Toward Effective Neural Networks on Graph Data
Graphs are ubiquitous in many practical settings, e.g., social networks, financial systems, transportation planning, online shopping recommendation, etc. Graph Neural Networks (GNNs) are a promising approach for learning from graph data, but they have yet to reach the successes of deep learning in natural language processing and computer vision. The challenges are rooted in the high irregularity and connectivity of graph data. In this thesis, we explore to enhance the performance of neural networks for graph learning.
By using Data Augmentation (DA), we present a new method to enhance Graph Convolutional Networks (GCNs), that are the state-of-the-art models for semi-supervised node classification. DA for graph data remains under-explored. Due to the connections built by edges, DA for different nodes influence each other and lead to undesired results, such as uncontrollable DA magnitudes and changes of ground-truth labels. To address this issue, we present the NodeAug (Node-Parallel Augmentation) scheme, that creates a "parallel universe" for each node to conduct DA, to block the undesired effects from other nodes. NodeAug regularizes the model prediction of every node (including unlabeled) to be invariant with respect to changes induced by Data Augmentation (DA), so as to improve the effectiveness. To augment the input features from different aspects, we propose three DA strategies by modifying both node attributes and the graph structure. In addition, we introduce the subgraph mini-batch training for the efficient implementation of NodeAug. The approach takes the subgraph corresponding to the receptive fields of a batch of nodes as the input per iteration, rather than the whole graph that the prior full-batch training takes. Empirically, NodeAug yields significant gains for strong GCN models on the Cora, Citeseer, Pubmed, and two co-authorship networks, with a more efficient training process thanks to the proposed subgraph mini-batch training approach.
Mixup is an advanced data augmentation method for training neural network based image classifiers, which interpolates both features and labels of a pair of images to produce synthetic samples. However, devising the Mixup methods for graph learning is challenging due to the irregularity and connectivity of graph data. In this thesis, we propose the Mixup methods for two fundamental tasks in graph learning: node and graph classification. To interpolate the irregular graph topology, we propose the two-branch graph convolution to mix the receptive field subgraphs for the paired nodes. Mixup on different node pairs can interfere with the mixed features for each other due to the connectivity between nodes. To block this interference, we propose the two-stage Mixup framework, which uses each node's neighbors' representations before Mixup for graph convolutions. For graph classification, we interpolate complex and diverse graphs in the semantic space. Qualitatively, our Mixup methods enable GNNs to learn more discriminative features and reduce over-fitting. Quantitative results show that our method yields consistent gains in terms of test accuracy and F1-micro scores on standard datasets, for both node and graph classification. Overall, our method effectively regularizes popular graph neural networks for better generalization without increasing their time complexity.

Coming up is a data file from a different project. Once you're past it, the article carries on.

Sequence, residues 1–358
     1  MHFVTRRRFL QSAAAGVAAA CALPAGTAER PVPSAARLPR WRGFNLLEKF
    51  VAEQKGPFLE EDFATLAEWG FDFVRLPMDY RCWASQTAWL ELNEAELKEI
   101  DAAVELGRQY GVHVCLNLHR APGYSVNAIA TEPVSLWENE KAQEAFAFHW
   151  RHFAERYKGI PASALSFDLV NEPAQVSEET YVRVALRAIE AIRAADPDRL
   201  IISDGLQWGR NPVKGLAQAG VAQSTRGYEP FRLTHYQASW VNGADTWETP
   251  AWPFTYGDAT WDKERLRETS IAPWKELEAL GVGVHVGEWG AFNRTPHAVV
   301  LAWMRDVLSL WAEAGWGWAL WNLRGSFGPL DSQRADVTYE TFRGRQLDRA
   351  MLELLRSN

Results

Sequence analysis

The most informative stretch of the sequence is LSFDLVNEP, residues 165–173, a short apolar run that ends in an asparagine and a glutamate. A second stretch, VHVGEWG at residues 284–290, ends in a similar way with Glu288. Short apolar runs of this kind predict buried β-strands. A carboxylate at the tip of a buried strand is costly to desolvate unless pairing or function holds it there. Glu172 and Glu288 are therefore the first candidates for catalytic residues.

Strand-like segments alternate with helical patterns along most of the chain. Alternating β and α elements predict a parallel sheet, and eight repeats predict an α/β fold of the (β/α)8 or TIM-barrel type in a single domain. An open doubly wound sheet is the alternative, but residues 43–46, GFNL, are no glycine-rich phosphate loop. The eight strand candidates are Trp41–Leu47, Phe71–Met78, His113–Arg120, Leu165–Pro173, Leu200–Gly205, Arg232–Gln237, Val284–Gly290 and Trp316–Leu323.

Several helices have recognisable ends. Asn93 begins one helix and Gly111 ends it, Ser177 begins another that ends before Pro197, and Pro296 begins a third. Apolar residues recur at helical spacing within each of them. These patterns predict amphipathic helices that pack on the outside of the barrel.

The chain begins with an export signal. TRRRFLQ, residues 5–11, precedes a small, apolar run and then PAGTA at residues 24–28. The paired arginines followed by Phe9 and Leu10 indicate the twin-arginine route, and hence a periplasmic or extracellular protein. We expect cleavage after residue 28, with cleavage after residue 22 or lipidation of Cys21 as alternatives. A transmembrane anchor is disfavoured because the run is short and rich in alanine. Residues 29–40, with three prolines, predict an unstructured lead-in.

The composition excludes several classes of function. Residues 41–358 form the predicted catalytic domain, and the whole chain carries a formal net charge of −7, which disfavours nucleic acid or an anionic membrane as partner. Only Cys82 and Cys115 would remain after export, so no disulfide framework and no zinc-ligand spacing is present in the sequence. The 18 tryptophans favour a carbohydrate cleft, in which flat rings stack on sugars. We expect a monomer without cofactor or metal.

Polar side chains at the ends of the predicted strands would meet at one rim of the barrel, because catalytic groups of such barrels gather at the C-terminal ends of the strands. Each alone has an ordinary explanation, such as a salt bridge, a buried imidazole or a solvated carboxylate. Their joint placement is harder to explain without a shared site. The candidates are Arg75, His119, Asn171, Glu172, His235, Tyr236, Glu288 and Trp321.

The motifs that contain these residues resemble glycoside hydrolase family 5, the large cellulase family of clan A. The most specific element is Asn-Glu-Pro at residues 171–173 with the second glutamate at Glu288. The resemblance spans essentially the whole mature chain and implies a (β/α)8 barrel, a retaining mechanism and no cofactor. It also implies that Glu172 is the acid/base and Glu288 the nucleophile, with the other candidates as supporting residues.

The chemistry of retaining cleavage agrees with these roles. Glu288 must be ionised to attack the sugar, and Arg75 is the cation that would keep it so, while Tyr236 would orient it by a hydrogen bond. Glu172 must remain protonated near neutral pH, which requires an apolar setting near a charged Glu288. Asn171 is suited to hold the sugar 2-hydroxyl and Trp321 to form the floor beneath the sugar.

Temporal Graph Networks (TGNs) are powerful on modeling temporal graph data based on their increased complexity. Higher complexity carries with it a higher risk of overfitting, which makes TGNs capture random noise instead of essential semantic information. To address this issue, our idea is to transform the temporal graphs using data augmentation (DA) with adaptive magnitudes, so as to effectively augment the input features and preserve the essential semantic information. Based on this idea, we present the MeTA (Memory Tower Augmentation) module: a multi-level module that processes the augmented graphs of different magnitudes on separate levels, and performs message passing across levels to provide adaptively augmented inputs for every prediction. MeTA can be flexibly applied to the training of popular TGNs to improve their effectiveness without increasing their time complexity. To complement MeTA, we propose three DA strategies to realistically model noise by modifying both the temporal and topological features. Empirical results on standard datasets show that MeTA yields significant gains for the popular TGN models on edge prediction and node classification in an efficient manner.
Last but not least, we present a new neighbor sampling method on temporal graphs. In a temporal graph, predicting different nodes' time-varying properties can require the receptive neighborhood of various temporal scales. In this thesis, we propose the TNS (Time-aware Neighbor Sampling) method: TNS learns from temporal information to provide an adaptive receptive neighborhood for every node at any time. Learning how to sample neighbors is non-trivial, since the neighbor indices in time order are discrete and not differentiable. To address this challenge, we transform neighbor indices from discrete values to continuous ones by interpolating the neighbors' messages. TNS can be flexibly incorporated into popular temporal graph networks to improve their effectiveness without increasing their time complexity. TNS can be trained in an end-to-end manner. It needs no extra supervision and is automatically and implicitly guided to sample the neighbors that are most beneficial for prediction. Empirical results on multiple standard datasets show that TNS yields significant gains on edge prediction and node classification.